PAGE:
I’m usually a pretty positive person. I make an effort to avoid negativity. Except in art. Learning to see and draw negative space can make a very positive difference in your drawing. Let me start with some definitions:
Positive Space is the space that an actual object occupies. It is often the outline of whatever you’re drawing, the shape of a house, an apple, a car, etc.
Negative Space is the space surrounding or even inside of object. If you’re drawing a house, it’s the sky and the land that the house sits on; if you’re drawing a chair, the negative space is the outside of the chair, as well as the area between the slats of the back, and the legs and cross braces; if you’re drawing a teapot, it’s the outside of the teapot and the shape inside of the handle. Get the picture?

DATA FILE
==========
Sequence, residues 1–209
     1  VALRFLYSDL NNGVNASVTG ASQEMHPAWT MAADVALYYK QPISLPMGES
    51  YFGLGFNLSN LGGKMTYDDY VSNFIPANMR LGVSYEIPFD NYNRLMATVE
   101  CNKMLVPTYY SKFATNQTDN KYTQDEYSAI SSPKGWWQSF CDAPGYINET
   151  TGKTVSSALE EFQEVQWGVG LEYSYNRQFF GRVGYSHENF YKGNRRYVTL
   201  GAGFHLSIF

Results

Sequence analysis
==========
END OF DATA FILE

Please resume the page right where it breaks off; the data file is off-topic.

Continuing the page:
So why is this a big deal? Because for some reason we find it easier to see and draw a shape than a thing. Take a look at these horses. If I focus on the legs, I’m more likely to stress over getting just the right form and end up putting them in the wrong place. But if I focus on the negative spaces between the legs, it’s easier.
Another important benefit of negative shapes is that they are, or should be, pleasing shapes in their own right. By making the negative spaces of this chair even and balanced, the chair itself looks better. This is actually a tried and true design principle.
So the next time you’re stumped trying to get exactly the right shape, try drawing the negative space around it. I’ll bet you’ll get it right away.